The East River Crash: Lessons Learned

Phyllis Utter Top Story

This year’s HAI Safety Symposium began on a somber note, with a moment of silence for those affected by the Jan. 26 crash in Calabasas, California, a stark reminder of the hazards our industry must work to manage and mitigate. The 2020 symposium, which each year kicks off HAI HELI-EXPO, featured a panel discussion of the lessons learned from the East River crash in New York nearly two years ago.

The panel was moderated by Rick Kenin of Boston MedFlight and featured Jim Viola, HAI president and CEO; Tim LeBaron, deputy director, National Transportation Safety Board (NTSB) regional operations; Todd Gunther, senior air safety investigator, NTSB Eastern Region (pictured, right); Clint Johnson, chief, NTSB Alaska Regional Office and advisor, HAI Safety Working Group; and Pat Hempen, director, FAA Office of Accident Investigation.

Gunther, NTSB’s lead investigator for the East River accident, began the presentation by briefing attendees about the events of March 11, 2018, when an Airbus Helicopters AS350 B2 lost power and landed in New York City’s East River. The Part 91 photo flight was operated by Liberty Helicopters under a contractual agreement with NYONair.

About 16 minutes into the flight, the aircraft lost engine power, and the pilot deployed the emergency floats and made an autorotative landing into the East River. Eleven seconds after landing, the aircraft inverted into the river. All five passengers drowned, and the pilot escaped with minor injuries.

The symposium panel members next discussed some points the NTSB had determined were critical factors in the accident.

Harnesses. The passengers and pilot were provided with FAA-approved restraints; however, in order to facilitate their movement around the aircraft during the doors-off flight, passengers also wore fall-protection harnesses. A D-ring located on the back of the harnesses connected the passengers via a locking carabiner to a tether that attached to a hard point on the aircraft. 

During a preflight safety briefing, passengers were told they could release the harnesses by using the quick-release feature or the cutting tool contained in a pouch on the harness. (The carabiners, however, had no quick-release feature.) The NTSB determined that passengers would have great difficulty using either method to quickly release themselves from the harnesses.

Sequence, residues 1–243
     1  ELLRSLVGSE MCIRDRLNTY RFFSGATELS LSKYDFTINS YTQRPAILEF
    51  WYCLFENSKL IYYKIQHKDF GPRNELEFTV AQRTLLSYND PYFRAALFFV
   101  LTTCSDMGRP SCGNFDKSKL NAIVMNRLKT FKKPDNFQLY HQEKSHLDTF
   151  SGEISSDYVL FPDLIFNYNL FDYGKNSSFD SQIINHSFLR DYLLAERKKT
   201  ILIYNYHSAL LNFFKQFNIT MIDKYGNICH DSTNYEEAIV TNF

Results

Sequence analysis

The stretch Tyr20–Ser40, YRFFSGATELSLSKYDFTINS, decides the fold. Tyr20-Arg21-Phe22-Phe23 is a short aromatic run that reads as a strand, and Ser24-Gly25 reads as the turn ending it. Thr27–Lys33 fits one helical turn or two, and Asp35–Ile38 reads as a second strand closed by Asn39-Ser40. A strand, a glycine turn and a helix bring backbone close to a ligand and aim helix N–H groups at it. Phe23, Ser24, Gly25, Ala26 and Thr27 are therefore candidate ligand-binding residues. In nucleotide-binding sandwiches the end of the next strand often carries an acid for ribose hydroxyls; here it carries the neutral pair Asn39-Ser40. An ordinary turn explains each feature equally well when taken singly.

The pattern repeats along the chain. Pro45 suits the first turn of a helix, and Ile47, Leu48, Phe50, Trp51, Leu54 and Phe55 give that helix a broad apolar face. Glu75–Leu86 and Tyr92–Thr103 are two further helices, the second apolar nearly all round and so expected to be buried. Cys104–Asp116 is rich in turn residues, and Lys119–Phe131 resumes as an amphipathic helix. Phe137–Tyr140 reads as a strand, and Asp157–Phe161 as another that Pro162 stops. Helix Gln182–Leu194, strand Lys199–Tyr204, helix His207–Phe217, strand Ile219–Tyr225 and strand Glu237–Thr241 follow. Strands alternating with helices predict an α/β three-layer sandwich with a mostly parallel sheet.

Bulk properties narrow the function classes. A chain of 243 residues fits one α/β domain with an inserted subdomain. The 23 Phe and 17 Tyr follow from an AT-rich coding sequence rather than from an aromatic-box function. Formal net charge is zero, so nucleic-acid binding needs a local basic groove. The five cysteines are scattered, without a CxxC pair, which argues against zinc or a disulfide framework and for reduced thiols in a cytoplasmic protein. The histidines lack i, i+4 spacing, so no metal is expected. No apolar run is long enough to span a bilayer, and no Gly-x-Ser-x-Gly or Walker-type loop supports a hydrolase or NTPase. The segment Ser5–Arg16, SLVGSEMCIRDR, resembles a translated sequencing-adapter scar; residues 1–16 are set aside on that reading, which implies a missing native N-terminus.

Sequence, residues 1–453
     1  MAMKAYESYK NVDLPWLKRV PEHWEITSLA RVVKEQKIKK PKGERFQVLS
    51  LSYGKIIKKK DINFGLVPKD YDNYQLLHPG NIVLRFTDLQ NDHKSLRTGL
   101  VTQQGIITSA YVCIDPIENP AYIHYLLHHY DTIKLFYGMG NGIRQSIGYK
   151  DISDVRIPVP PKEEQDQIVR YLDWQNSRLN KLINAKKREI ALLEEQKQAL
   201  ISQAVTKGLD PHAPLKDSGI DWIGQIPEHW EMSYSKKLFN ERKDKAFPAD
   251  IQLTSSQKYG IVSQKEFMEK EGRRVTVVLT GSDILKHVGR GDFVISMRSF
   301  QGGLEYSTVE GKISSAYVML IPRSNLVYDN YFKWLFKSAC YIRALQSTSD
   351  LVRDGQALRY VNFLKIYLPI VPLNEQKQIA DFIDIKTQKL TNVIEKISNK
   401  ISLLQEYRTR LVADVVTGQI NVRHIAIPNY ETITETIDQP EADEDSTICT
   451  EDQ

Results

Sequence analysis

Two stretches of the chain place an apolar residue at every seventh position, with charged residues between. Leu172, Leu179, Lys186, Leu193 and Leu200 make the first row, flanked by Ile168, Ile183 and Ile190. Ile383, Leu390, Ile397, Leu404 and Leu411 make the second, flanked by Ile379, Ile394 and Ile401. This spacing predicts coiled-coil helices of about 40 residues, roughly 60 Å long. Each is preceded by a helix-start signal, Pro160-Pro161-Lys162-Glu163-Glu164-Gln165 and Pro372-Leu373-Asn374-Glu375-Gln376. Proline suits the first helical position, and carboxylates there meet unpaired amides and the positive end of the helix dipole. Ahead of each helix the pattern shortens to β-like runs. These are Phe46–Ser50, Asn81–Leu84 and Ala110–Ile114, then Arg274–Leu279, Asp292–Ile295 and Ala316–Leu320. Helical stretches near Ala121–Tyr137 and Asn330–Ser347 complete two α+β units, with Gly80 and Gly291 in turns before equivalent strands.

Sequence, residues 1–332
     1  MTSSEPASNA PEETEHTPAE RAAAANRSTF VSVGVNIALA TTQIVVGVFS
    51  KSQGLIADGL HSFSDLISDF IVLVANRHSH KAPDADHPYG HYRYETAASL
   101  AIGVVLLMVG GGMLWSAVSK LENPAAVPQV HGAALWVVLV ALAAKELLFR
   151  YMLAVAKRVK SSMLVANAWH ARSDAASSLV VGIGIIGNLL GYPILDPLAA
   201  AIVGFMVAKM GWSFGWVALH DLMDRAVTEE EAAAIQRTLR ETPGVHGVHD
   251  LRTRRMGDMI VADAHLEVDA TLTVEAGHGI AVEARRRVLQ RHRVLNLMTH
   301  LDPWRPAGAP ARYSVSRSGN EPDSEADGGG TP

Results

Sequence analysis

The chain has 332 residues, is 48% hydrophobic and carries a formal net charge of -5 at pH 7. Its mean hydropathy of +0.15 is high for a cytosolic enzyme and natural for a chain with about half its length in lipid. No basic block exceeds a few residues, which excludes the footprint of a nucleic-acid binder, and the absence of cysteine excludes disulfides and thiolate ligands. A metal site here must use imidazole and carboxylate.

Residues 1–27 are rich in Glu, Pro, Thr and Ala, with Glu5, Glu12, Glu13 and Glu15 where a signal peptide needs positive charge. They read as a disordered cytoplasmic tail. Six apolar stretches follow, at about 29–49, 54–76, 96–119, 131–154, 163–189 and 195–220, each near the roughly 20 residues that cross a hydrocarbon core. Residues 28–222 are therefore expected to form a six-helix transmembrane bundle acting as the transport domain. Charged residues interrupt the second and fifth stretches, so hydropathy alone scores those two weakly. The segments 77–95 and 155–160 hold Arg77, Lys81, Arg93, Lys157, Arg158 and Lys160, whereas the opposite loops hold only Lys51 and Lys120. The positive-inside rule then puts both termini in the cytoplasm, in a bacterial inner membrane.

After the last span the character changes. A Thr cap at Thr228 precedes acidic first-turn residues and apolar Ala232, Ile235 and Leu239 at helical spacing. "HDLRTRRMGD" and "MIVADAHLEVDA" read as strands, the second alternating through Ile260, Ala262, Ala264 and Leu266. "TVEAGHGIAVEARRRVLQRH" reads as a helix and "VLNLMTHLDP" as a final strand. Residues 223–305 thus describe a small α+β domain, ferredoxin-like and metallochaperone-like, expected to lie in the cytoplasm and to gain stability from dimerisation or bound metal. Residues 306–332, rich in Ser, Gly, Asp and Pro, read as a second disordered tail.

None of the passengers incurred significant injuries during the aircraft’s descent; their inability to rapidly extricate themselves from the aircraft was a critical factor in their deaths. After ditching, the pilot was able to remove his FAA-approved restraints and exit the aircraft.

The East River accident revealed gaps in the FAA’s guidance that inhibited the ability of FAA personnel to evaluate this type of operation. The FAA has letters of authorization (LoAs) with 468 Part 91 operators permitting aerial tour operations. Because of the East River investigation, the FAA has increased its inspections of Part 91 air tour operators with LoAs from 10% to 30% per year. 

In addition, the FAA has increased its requirements for SPRS (supplemental passenger restraint systems) used during doors-off flights. In order to qualify for an LoA permitting the use of an SPRS, the operator must demonstrate, among other requirements, that passengers can release themselves from the restraints with minimum difficulty and quickly exit the aircraft without assistance from another person and without using a cutting tool.

Fuel-Shutoff Lever. There is strong evidence from the East River accident that the strap on a passenger’s fall-protection harness interfered with the aircraft’s floor-mounted fuel-shutoff lever; when the pilot attempted to restart the engine, he reported finding the fuel-shutoff lever in the “up,” or “off,” position. Gunther reported that the principal concern during the design of the AS350 fuel-shutoff lever was preventing the pilot from mistaking it for another engine control, and so it has a different shape and color than adjacent levers. Preventing inadvertent activation by someone other than the pilot was controlled through operational measures such as preflight briefings and the securing of loose items. 

The NTSB recommends that rather than relying on operational measures, design modifications to the fuel-shutoff lever would prevent similar accidents in the future. Several members of the audience who fly public transport missions, such as helicopter air ambulances or air tours, described adopting measures such as installing cages around flight-critical controls to prevent similar accidents. Airbus representative Seth Buttner confirmed that Airbus will offer an engineering change to the AS350 that will provide a gate around the fuel-shutoff lever.

Additional recommendations were made regarding floats and operational-control issues.

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